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Screening for silent aspiration in hyperacute stroke: A feasibility study of clinical swallowing examination and cough reflex testing

Lookup NU author(s): Julie Trimble, Dr Joanne Patterson, Emerita Professor Janet WilsonORCiD, Dr Anand Dixit, Dr Michael DrinnanORCiD


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© 2023 Royal College of Speech and Language Therapists.Background: Silent aspiration (SA) is common post-stroke and associated with increased risk of pneumonia, length of stay and healthcare costs. Clinical swallow examinations (CSEs) are unreliable measures of SA. There is no consensus on the clinical components that best detect SA. Cough reflex testing (CRT) is an alternative/adjunct whose SA detection accuracy also lacks consensus. Aims: To investigate the feasibility of CSE versus CRT against gold standard flexible endoscopic evaluation of swallowing (FEES) for SA identification and to estimate its prevalence in a hyperacute stroke setting. Methods & Procedures: A single-arm preliminary, prospective, feasibility study of patients less than 72 h post-stroke, over a 31-day period on a hyperacute stroke unit: the Royal Victoria Infirmary, Newcastle-upon-Tyne, UK. Ethical approval for the study was obtained. The study tested the feasibility and acceptability of introducing CRT and developing a standardized CSE. Consent/assent was obtained for all participants. Patients unfit for study were excluded. Outcomes & Results: A total of 62% of patients less than 72 h post-stroke (n = 61) were eligible. A total of 75% of those approached (n = 30) consented. A total of 23 patients completed all tests. The principal barrier was anxiety regarding FEES. Mean test time for CRT = 6 min; CSE = 8 min; FEES = 17 min. Patients rated CRT and FEES on average as moderately uncomfortable. A total of 30% (n = 7) of participants who received FEES presented with SA. Conclusions & Implications: CRT, CSE and FEES are feasible in 58% of hyperacute stroke patients in this setting. FEES anxiety is the main recruitment barrier and is not always well tolerated. Results support further work to establish optimum methods and differential sensitivity/specificity of CRT and CSE in hyperacute stroke for SA identification. WHAT THIS PAPER ADDS: What is already known on this subject SA significantly increases the risk of pneumonia in the early days post-stroke. CSEs are unreliable for identification of SA risk in this population. CRT is gaining popularity as a potential tool to identify stroke patients at risk of SA, though there are questions regarding the efficacy of the clinical protocol currently being used in the UK. What this study adds to existing knowledge This study demonstrates that it is practical and feasible to carry out a larger scale study in this setting to compare CSE and CRT including a consideration of an approach combining both methods for clinical identification of SA versus FEES. Preliminary findings suggest that CSE may have higher levels of sensitivity than CSE for SA identification. What are the potential or actual clinical implications of this work? The results of this study suggest that further work is needed to establish the optimum methods and differential sensitivity/specificity of clinical tools for SA detection in hyperacute stroke.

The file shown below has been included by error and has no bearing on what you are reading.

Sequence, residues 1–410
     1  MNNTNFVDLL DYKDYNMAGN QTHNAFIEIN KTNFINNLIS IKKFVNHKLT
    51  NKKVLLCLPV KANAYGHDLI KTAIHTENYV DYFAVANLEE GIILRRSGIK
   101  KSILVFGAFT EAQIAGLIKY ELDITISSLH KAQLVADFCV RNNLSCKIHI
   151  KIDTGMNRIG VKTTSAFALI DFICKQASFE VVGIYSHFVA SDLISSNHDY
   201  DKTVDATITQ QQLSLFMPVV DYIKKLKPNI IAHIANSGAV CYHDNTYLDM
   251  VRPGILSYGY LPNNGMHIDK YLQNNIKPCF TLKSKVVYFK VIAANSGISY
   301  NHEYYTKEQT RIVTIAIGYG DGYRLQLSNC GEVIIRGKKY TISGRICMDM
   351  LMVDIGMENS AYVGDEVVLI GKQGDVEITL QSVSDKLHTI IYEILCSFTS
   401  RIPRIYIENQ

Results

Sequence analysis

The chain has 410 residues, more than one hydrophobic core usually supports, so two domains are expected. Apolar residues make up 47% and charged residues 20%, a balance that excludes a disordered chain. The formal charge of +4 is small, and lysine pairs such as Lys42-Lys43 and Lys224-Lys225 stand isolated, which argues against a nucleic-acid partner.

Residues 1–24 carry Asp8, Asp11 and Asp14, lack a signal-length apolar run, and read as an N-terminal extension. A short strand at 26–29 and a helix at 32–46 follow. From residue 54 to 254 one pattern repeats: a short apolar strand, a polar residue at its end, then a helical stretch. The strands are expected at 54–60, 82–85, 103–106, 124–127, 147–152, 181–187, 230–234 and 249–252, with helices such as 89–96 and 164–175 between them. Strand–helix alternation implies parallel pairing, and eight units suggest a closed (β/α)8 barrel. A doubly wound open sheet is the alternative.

Publication metadata

Author(s): Trimble J, Patterson JM, Wilson JA, Dixit AK, Drinnan M

Publication type: Article

Publication status: Published

Journal: International Journal of Language and Communication Disorders

Year: 2023

Volume: 58

Issue: 5

Pages: 1657-1667

Print publication date: 01/09/2023

Online publication date: 09/05/2023

Acceptance date: 31/03/2023

ISSN (print): 1368-2822

ISSN (electronic): 1460-6984

Publisher: John Wiley and Sons Inc


DOI: 10.1111/1460-6984.12893

PubMed id: 37158000


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